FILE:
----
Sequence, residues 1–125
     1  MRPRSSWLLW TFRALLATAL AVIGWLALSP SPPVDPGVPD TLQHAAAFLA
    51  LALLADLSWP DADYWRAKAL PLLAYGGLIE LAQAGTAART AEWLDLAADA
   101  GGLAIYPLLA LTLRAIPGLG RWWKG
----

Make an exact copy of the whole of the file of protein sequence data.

Sequence, residues 1–125
     1  MRPRSSWLLW TFRALLATAL AVIGWLALSP SPPVDPGVPD TLQHAAAFLA
    51  LALLADLSWP DADYWRAKAL PLLAYGGLIE LAQAGTAART AEWLDLAADA
   101  GGLAIYPLLA LTLRAIPGLG RWWKG